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Thread: Government raises DC rates

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    Default Government raises DC rates

    Property
    Published March 1, 2007

    Government raises DC rates

    Biggest hikes in downtown areas such as Raffles Place, Marina Bay

    By KALPANA RASHIWALA


    REFLECTING rising property and land prices over the past six months, the government yesterday increased development charge (DC) rates.



    The biggest increases were concentrated in the new and existing downtown locations such as Raffles Place and Marina Bay.

    Jones Lang LaSalle's analysis showed that the highest jump in DC rates, of a whopping 90.5 per cent, was recorded for hotel use in the Raffles Place and neighbouring locations.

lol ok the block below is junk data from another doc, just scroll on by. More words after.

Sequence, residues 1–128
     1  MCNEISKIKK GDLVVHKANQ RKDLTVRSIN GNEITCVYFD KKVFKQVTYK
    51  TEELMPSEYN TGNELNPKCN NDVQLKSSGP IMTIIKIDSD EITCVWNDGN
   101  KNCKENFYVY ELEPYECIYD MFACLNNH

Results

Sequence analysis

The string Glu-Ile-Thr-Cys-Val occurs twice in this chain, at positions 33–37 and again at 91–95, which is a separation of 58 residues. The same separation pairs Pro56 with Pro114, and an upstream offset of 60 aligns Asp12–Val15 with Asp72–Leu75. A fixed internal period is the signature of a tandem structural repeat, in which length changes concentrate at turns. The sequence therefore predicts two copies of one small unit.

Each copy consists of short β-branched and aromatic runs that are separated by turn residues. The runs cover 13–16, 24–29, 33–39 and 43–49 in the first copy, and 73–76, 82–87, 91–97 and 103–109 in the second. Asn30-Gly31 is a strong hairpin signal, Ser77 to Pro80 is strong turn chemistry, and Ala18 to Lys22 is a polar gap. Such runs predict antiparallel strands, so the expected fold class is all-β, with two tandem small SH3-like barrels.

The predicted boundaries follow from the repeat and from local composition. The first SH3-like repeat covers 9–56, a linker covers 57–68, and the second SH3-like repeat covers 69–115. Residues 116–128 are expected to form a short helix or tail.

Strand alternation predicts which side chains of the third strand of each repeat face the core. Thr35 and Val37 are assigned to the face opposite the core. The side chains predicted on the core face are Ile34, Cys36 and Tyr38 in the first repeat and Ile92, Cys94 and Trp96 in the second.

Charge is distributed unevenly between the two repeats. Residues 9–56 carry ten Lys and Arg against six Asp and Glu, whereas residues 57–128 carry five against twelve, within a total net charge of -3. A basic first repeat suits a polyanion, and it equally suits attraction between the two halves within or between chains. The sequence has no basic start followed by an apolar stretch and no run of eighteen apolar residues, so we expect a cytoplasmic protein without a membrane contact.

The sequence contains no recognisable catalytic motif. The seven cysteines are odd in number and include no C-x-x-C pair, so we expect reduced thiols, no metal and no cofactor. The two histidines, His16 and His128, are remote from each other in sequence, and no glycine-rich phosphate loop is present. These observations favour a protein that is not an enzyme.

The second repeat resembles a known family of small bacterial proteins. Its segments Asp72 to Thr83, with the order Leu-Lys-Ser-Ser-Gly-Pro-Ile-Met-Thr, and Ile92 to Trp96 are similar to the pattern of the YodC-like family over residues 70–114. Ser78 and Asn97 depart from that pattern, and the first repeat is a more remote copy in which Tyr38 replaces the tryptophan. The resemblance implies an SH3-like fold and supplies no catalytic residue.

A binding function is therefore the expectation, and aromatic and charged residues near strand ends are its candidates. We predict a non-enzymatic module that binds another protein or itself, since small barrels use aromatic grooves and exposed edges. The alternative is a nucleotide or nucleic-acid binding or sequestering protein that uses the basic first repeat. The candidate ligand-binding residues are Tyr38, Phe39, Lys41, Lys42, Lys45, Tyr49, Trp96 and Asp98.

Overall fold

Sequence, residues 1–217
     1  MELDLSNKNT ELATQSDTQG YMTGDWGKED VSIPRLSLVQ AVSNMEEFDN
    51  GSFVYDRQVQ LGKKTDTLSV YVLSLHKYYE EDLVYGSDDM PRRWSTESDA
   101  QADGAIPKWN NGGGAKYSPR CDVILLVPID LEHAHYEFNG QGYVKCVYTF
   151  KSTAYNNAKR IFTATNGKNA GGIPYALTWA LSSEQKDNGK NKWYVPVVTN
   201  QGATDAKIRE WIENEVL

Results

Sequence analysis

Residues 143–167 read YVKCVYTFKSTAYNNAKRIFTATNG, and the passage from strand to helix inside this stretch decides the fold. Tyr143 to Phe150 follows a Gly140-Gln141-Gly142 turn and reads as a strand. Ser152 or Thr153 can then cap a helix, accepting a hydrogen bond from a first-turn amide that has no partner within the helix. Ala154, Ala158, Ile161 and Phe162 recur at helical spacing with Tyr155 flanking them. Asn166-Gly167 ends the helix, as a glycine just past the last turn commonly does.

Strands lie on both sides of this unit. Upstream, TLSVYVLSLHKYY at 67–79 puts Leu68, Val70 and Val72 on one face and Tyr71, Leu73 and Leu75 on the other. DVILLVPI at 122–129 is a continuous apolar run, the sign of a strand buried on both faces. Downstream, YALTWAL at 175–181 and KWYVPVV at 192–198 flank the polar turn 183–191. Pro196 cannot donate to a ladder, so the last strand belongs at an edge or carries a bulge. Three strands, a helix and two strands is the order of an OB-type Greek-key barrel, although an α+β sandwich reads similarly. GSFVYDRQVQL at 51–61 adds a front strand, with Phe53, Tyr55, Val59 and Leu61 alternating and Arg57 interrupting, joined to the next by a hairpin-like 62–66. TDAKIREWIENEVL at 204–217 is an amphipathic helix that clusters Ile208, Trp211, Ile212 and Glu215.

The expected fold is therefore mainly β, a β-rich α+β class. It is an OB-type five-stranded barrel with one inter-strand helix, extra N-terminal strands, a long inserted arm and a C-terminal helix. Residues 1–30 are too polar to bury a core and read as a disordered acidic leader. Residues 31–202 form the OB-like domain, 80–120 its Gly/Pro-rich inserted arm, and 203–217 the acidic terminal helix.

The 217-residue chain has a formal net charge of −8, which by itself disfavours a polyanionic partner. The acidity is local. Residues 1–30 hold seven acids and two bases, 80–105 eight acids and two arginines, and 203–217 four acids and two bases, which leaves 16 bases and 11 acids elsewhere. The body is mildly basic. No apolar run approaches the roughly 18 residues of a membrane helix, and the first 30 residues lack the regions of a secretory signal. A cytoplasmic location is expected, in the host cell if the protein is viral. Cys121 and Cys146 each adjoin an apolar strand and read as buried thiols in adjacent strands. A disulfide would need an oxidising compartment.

The government also raised DC rates - payable for enhancing a site's use - for non-landed residential use by as much as 54.8 per cent in both the new and existing downtowns - including Marina Bay and Raffles Place, and by 38.5 per cent in Shenton Way.

    These areas saw new apartment launches, like Marina Bay Residences, One Shenton and Lumiere, achieve high prices in the past three months.

    For landed residential use, Sentosa led the gains with a 27.7 per cent hike, not surprising given that a record price for a bungalow plot - $1,308 psf - was achieved at Sentosa Cove late last year.

    Good Class Bungalow (GCB) locations like Holland Road/Sixth Avenue, Tanglin, Chatsworth, Nassim and White House Park, saw increases of 10-16 per cent in landed DC rates, mirroring the robust GCB deals in the second half of last year.

    The biggest DC rate hike for commercial use was 44.4 per cent - in Raffles Place. Increases of 34.1-38.5 per cent were chalked up in other areas of the new and existing downtowns, including Shenton Way and Tanjang Pagar.

    These areas have seen several office deals in the past six months, including Lippo Centre, Anson House, Dapenso Building and Crosby House, observed CB Richard Ellis.